Wednesday, February 6, 2013

Deep Space Nine, Season 2: Whispers

Deep Space Nine, Season 2
Airdate: February 8, 1994
33 of 173 produced
33 of 173 aired


Chief O'Brien returns from preparing for a peace conference to find everyone on the station, acting strangely. Even Keiko seems oddly distant and evasive. To make matters worse, it seems as if everyone is trying to keep him from being a part of the security preparations for the conference that he should be a part of. Is there really a conspiracy growing against him, or is he losing his mind?

Get AWAY! Some good parent told me daddy was replaced with a zombie replica!


Kevin: I think the strongest part of this episode is the tone it sets and builds really effectively. The things the chief notices that seem off are innocuous enough to start and build well to the confrontation in the security office. I like the basic twist a lot. It's the ultimate extension of the secret double agent. He's such a perfect copy that he's trying to stop the plot he's actually a part of. The scene with Keiko and the stew in particular was just awesome. The first time through, especially with her refusal to eat it, makes you think it's obviously poisoned, but once you know the twist, the scene becomes creepy for her, trying to fake a dinner with a man not her husband. It was also a really effective device given how often the familiar, warm relationship between the two anchors stories involving the O'Briens.

Matthew: Yeah, the emotional tone of the episode was pretty great. Conspiracy stories are fun by nature (which explains the persistence of even the dumbest conspiracy theories, e.g. Beyonce flashing Illuminati signs during the Superbowl), precisely because they overturn our assumptions, and raise the stakes for characters in new and unexpected ways. This one is written pretty well, with only small exceptions (scenes that linger beyond O'Brien's scene exit, a lack of substantial payoff after the reveal). As you say, the individual scenes all really work. I liked the switch in Odo's behavior, too.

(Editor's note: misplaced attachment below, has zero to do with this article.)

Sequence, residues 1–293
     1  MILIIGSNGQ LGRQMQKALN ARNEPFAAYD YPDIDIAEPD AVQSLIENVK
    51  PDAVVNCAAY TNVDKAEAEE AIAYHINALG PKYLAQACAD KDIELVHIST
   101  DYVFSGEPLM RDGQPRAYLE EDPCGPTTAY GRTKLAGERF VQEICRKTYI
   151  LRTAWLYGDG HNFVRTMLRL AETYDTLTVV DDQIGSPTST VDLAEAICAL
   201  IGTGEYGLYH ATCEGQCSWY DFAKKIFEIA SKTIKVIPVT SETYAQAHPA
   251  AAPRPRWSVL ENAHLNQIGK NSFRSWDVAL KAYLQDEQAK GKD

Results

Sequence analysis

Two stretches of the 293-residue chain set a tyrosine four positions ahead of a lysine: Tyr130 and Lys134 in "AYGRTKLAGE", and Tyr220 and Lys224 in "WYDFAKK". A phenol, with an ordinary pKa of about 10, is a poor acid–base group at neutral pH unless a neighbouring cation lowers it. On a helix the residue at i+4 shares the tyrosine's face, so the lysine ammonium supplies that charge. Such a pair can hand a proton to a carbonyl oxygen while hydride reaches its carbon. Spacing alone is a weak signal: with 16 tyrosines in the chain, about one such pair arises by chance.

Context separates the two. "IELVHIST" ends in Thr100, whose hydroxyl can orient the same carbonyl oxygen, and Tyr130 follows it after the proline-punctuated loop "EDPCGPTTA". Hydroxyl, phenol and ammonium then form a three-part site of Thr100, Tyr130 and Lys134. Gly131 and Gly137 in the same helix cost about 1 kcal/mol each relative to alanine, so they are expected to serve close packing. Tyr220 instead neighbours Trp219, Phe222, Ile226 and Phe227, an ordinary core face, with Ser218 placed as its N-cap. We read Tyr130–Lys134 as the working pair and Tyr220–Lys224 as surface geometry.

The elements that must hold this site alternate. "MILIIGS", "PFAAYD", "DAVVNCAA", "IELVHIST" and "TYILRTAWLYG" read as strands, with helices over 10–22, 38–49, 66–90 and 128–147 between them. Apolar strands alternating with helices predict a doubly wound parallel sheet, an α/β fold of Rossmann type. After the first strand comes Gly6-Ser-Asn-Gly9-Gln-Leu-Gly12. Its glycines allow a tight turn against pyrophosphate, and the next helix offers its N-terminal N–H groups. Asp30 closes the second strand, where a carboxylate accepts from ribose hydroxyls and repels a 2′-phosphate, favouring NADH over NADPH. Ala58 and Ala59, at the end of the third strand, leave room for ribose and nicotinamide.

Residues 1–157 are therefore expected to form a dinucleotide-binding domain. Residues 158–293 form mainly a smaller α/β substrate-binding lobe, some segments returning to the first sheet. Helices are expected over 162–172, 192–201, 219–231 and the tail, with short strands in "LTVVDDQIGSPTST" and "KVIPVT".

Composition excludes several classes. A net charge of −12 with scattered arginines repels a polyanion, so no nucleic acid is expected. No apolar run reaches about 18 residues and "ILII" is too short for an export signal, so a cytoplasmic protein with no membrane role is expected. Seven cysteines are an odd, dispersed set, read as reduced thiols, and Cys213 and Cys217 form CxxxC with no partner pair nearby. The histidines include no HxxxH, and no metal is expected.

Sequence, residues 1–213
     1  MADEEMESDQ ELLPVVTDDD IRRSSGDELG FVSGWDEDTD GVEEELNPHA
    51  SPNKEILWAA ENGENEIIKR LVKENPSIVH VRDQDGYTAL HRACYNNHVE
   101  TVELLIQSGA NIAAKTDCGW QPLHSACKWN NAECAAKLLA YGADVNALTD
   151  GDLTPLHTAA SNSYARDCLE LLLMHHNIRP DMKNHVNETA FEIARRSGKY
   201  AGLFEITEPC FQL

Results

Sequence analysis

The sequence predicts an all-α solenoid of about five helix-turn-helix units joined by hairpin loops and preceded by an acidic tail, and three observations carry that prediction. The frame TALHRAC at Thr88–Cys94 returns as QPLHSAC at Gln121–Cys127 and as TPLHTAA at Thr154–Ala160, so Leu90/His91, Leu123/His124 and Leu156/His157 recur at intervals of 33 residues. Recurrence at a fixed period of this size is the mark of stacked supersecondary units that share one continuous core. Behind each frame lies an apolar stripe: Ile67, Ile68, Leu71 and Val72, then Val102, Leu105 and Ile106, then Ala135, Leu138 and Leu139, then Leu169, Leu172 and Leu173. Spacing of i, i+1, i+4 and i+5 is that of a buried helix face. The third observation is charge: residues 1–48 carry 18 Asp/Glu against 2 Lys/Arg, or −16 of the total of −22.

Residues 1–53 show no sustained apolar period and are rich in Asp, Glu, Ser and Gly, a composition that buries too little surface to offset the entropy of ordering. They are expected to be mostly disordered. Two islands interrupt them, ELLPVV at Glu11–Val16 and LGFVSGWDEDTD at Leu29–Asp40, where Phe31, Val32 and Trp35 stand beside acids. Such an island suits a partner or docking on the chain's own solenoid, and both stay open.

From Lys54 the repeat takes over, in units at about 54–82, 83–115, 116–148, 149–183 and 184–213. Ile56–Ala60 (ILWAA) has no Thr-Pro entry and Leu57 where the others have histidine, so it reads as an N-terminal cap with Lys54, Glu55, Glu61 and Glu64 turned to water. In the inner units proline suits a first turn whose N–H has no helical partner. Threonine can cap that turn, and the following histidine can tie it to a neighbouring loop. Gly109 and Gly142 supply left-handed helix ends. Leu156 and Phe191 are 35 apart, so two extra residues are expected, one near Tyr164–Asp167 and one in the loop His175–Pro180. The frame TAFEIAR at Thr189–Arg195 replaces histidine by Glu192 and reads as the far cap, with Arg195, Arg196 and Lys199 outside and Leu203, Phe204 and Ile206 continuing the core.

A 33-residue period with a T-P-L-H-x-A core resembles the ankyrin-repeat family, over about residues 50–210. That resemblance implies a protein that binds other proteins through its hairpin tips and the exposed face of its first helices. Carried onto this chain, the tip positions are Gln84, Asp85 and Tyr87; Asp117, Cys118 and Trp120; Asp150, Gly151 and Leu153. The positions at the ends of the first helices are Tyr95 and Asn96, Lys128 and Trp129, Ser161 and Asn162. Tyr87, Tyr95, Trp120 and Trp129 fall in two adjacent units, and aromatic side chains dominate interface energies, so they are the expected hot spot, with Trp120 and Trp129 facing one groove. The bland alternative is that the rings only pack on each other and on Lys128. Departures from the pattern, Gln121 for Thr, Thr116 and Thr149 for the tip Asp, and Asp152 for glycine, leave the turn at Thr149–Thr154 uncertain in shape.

Kevin: Where I think the episode falls a little short is not developing the philosophical aspects of the story enough. If he is that good a copy, is he meaningfully different than our Chief? If regular Chief O'Brien were somehow brainwashed into being an assassin, the crew would absolutely feel a responsibility to help him rather than just stop him. Does the same obligation extend to the replicant? A denouement discussing it would have really elevated the episode.

Matthew: The whole replicant thing is a huge can of worms, and severa aspects should have been addressed. Indeed, if this being has all of O'Brien's memories (literally all of them, apparently) and is completely convinced that he is O'Brien, it sure seems like he ought not be treated the way he is, by Keiko for instance. Why does Molly know he should be treated badly? How long doe these replicants last? How often are they created? I think one problem was never showing the dark side of the replicant, or at least a hint of what he could become under the wrong circumstances. Perhaps if a Paradan secret agent had been on board, he could have activated latent programming, or at least added a mystery element to the story, pretending to be his friend against the "conspirators."

Kevin: The other major problem for me is the lack of development of the Paradans. I don't really care about them. Maybe it would have helped if like in "The Mind's Eye," there was a covert operative there as well, as that could have made the Paradans more interesting and fleshed out. As it is, the threat to the Paradan's peace process seems pretty distant. Still, even given these complaints, I still really enjoy this episode. The creepy, claustrophobic tone coupled with watching O'Brien suss out the mystery makes for a pretty entertaining episode.